THE GENETICS-EPIGENETICS CHRONOLOGIES AND HIERARCHIES IN COLON CANCER
Joint Event on International Conference on SURGERY AND ANESTHESIA & 3rd International Conference on GASTROENTEROLOGY
November 12 -13 , 2018 | Rome , Italy
Institute Germans Trias I Pujol (IGTP), Spain
Keynote : Case Rep Surg Invasive Proced
The cancer cell genome accumulates numerous genetic and epigenetic alterations. We showed that a subset of colon cancers (CC) display a mutator phenotype because they harbor hundreds of thousand of somatic mutations simple repeats or microsatellites. Microsatellite instability (MSI) is diagnostic of a distinct molecular pathway for CC as these tumors are very different in genotype and phenotype compared with those without MSI. MSI has become a robust and widely used marker with applications in diagnosis and prognosis of hereditary and non-hereditary CC. Increased DNA hyper methylation was postulated to be the result of a CpG Island methylator phenotype (“CIMP”) and underlies the tumorigenesis of some colon cancers when the mismatch repair gene MLH1 is silenced, causing MSI. We showed that the genetic alterations (MSI) supersede the previous epigenetic alterations (“CIMP”) in tumor phenotype in colon cancer. The same conclusion is reached when using the recent data from the cancer Genome Atlas (TCGA) consortium. Among the genes frequently hyper methylated are the ADAMTS, encoding extracellular matrix metallopeptidases. Epigenetic silencing of ADAMTS genes in CC takes place in a coordinated manner, not only in cis (linearly linked), but also in trans (in different chromosomes). This is not due to “CIMP” because does not associate with right colon and BRAF mutations, and few of the ADAMTS genes are polycomb repressor complex (PRC) targets, landmarks of the CIMP tumors. We also showed that both hyper methylation and hypo methylation of DNA increase with age of colon cancer (CC) patients. In addition, we showed that hypo methylation (in contrast with hyper methylation) correlates with genomic damage and, in turn, represents a survival biomarker in patients: the greater the hypo methylation the worse the survival, both in gastric cancer and CC. This allowed us to propose a “wear and tear” hypothesis linking aging, gradual demethylation of the genome, genomic instability, and gastrointestinal cancer.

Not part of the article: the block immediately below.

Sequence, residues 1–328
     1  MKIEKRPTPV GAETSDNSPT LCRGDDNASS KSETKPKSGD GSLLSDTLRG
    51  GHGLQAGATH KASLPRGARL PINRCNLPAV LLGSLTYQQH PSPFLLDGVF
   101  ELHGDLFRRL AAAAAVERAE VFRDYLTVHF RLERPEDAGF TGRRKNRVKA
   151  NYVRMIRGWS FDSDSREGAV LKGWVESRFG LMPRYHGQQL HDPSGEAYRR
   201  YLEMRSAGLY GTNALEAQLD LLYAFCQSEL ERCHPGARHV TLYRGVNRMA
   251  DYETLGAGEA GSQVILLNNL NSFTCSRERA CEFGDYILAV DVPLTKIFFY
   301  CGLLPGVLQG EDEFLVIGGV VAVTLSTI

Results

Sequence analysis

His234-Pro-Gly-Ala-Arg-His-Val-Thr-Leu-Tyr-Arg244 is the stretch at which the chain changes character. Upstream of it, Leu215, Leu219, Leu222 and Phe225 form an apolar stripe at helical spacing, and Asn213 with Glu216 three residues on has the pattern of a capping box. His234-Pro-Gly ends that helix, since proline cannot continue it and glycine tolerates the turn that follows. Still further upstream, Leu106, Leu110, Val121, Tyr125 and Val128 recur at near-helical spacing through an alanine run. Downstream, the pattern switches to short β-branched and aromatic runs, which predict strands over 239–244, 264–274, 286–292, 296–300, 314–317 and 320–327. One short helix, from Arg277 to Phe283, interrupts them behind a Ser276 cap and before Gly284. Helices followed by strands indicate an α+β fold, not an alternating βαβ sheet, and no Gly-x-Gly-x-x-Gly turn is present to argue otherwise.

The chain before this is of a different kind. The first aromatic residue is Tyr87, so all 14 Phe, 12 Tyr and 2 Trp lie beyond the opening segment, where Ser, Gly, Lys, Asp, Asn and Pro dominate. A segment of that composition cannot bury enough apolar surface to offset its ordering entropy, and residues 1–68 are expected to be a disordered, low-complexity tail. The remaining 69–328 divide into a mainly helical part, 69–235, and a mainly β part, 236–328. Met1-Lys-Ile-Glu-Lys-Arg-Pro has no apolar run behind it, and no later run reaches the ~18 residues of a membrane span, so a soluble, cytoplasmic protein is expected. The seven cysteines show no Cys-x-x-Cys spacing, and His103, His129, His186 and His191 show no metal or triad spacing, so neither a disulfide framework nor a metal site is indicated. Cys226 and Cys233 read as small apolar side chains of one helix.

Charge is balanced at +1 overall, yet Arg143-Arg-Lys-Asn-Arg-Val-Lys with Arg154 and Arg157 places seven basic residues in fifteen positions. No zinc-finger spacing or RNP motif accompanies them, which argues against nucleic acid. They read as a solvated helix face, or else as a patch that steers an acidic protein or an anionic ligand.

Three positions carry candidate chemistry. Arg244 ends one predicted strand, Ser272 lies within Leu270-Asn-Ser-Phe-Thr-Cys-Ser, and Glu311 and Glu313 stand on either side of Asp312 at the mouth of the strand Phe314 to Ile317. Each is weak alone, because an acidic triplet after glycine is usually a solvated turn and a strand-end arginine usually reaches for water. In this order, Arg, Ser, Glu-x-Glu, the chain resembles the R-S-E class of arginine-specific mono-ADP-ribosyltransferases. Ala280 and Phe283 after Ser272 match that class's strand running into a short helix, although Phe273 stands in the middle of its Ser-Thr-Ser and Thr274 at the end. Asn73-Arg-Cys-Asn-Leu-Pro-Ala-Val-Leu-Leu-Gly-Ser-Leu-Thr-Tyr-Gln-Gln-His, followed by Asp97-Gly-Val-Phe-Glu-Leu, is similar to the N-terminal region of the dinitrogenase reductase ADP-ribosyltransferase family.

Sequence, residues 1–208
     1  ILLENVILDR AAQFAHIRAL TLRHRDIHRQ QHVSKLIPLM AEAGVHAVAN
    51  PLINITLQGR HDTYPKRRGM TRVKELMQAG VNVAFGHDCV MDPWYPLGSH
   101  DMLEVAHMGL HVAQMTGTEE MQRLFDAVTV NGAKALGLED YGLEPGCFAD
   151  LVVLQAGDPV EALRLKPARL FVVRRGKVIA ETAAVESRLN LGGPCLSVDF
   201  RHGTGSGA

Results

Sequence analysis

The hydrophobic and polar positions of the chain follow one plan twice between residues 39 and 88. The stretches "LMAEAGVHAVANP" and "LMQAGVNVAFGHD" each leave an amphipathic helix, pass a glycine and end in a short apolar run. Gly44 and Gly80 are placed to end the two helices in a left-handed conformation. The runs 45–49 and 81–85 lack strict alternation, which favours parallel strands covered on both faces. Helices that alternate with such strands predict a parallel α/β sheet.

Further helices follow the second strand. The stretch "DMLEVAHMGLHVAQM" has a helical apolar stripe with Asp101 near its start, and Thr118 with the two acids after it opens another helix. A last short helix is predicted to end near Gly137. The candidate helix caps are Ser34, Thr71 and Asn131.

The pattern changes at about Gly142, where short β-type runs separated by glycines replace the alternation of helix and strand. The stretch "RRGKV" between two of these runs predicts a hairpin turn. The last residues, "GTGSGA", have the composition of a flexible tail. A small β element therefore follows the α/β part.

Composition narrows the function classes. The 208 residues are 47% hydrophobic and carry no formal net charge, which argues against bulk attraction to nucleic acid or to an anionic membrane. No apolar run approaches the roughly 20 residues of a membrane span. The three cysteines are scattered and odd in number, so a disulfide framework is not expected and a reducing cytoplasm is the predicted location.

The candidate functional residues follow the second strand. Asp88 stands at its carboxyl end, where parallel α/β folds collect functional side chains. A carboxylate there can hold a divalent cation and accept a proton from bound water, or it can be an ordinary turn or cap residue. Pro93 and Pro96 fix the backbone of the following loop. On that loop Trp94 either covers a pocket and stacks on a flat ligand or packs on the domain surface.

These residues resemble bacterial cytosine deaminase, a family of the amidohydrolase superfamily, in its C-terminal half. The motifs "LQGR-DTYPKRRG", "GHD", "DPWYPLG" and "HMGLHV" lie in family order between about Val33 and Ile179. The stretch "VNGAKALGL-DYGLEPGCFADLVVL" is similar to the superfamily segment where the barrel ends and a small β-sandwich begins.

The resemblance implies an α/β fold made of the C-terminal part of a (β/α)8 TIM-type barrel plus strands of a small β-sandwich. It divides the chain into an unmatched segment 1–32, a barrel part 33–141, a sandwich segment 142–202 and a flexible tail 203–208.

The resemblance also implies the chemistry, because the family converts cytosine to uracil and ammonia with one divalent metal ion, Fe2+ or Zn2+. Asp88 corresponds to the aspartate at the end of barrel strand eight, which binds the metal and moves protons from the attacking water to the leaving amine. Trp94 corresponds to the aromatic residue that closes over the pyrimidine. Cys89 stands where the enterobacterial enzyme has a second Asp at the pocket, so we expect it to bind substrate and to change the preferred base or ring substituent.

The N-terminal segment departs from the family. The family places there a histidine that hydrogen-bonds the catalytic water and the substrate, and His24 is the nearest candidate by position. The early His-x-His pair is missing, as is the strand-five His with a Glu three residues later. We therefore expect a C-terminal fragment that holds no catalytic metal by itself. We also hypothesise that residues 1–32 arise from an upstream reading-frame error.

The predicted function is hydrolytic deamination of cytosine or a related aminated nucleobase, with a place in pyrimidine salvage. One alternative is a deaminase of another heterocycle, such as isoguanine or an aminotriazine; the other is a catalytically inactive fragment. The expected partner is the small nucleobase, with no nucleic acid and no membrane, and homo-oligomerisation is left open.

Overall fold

Manuel Perucho University of Madrid, held faculty appointments at State University of New York (SUNY) Stony Brook. From 1995-2009 was professor and program director, Sanford-Burnham-Prebys Medical Discovery Institute (SBP) La Jolla, California, where he holds an adjunct professor appointment. He was director of the Institute of predictive & personalized medicine of cancer (IMPPC) (2009-2016), and currently is director, program of predictive & personalized medicine of cancer (PMPPC), Institute Germans Trias I Pujol (IGTP), Barcelona, Spain. He was awarded an AACR professorship in basic cancer research, serves in editorial boards of several journals, and reviewed research grants of many agencies and hundreds of papers of over 60 journals.